Big things come in small packages, they say; a central theme of life seems to be that appearances can be deceiving. This works for better and for worse, and I’m sad to report that this mouse firmly leans towards the “worse” side of that equation.
I was happy to receive the SteelSeries Rival from Ted a couple of weeks ago; my recent upgrade to a Retina Macbook Pro left me needing a mouse capable of keeping up with all the XCOM and Borderlands 2 I’ve been playing recently, and would not be painful to use for coding and office tasks.
Our story starts on an excellent foot – the Rival is to all outward appearances an excellent piece of gear. The mouse has a decent heft to it that makes it feel spry without requiring too much force to pick it up from the surface to adjust, and the matte finish on the surfaces gives a great amount of grip. The 3D-printable nameplate below the wrist makes for a nice touch.
SteelSeries’ website (http://steelseries.com/products/mice/steelseries-rival) is well-designed and the drivers / customization engine are easy to find, but for some reason their site wants me to go to the US-specific version of their site, which does not have the Rival (or at least the link they auto-direct me to 404s). These disconcerting “looks good at first sight but ultimately seems off” feelings continued throughout my review time with the mouse.
The Rival is an optical mouse, which already puts it off on a bad foot compared to real laser gaming mice but I don’t think I’ve ever seen a mouse that has this much trouble with surfaces. I tried it on my desk at home, my kitchen countertop, the aluminum surface of my Macbook itself, and finally on a mousepad borrowed from my roommate.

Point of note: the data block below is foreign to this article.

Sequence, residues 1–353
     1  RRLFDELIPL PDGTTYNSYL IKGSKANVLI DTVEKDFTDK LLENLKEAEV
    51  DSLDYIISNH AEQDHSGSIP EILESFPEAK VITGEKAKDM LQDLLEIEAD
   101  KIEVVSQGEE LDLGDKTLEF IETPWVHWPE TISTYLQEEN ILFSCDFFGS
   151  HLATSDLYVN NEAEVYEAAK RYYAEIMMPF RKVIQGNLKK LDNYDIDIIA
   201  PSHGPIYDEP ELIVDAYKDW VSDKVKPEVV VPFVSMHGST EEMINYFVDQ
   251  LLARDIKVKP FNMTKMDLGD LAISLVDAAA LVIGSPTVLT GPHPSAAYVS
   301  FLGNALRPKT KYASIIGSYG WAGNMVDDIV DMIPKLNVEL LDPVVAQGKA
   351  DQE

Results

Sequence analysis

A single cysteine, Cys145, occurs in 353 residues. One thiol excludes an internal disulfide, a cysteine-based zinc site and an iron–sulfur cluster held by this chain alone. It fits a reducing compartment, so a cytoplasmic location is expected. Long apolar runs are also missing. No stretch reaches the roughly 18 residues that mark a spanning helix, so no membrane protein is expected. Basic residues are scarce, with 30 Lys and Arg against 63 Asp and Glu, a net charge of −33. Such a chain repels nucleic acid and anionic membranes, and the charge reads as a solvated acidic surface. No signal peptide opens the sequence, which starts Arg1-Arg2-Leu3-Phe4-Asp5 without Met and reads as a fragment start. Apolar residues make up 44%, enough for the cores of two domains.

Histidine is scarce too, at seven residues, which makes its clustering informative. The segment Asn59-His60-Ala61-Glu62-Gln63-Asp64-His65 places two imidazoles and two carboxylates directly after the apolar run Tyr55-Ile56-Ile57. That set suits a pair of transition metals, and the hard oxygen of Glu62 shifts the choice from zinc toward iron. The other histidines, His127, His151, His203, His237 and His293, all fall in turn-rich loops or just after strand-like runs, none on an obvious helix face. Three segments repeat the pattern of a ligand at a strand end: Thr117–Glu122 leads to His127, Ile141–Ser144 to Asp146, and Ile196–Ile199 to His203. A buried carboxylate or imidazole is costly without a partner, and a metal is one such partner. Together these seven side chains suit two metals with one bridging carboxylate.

Only the last one seemed even faintly OK – it seems like even the tiniest imperfections in the surface lead the mouse to jerky, erratic operation, leaving it mostly unusable. If you’re a gamer and you’re getting this mouse, then you likely already have a bitchin’ mousepad, and you should be fine, but laptop users like myself will likely find themselves frustrated.
Pokin’ Around in the Engine
The SteelSeries Engine software is pretty easy to find, especially given that a URL for it is given on the mouse cable itself.
The settings pane itself offers a wealth of customization options; you can tune everything from the mouse’s polling rate to the colours of the LEDs near the scroll wheel and on the SteelSeries logo on the wrist area, to even re-mapping buttons on the mouse to do as you will.
A button on the top of the mouse allows you to toggle between two DPI modes, which can be tuned independently of each other.
I could find no amount of tuning that would help the mouse be less jerky on non-mousepad surfaces, though, which left me disappointed.
I was pleasantly surprised to see that settings in the Engine carry over even when I switched between Windows and OS X – set once, use everywhere.
The SteelSeries Rival is a decently well-built mouse that laptop users like myself will absolutely hate because we cannot take it with us, or have to drag an annoying mousepad along. For anyone who can use a pad, it’s a responsive mouse with a good amount of options for customization and tuning, and I can tell that thought and consideration went into its design.
But the seams show a little too much, and in this reviewer’s opinion, you’re better off spending a little more money on a higher-quality laser mouse.
Available for: PC, Mac
Version Reviewed: Mac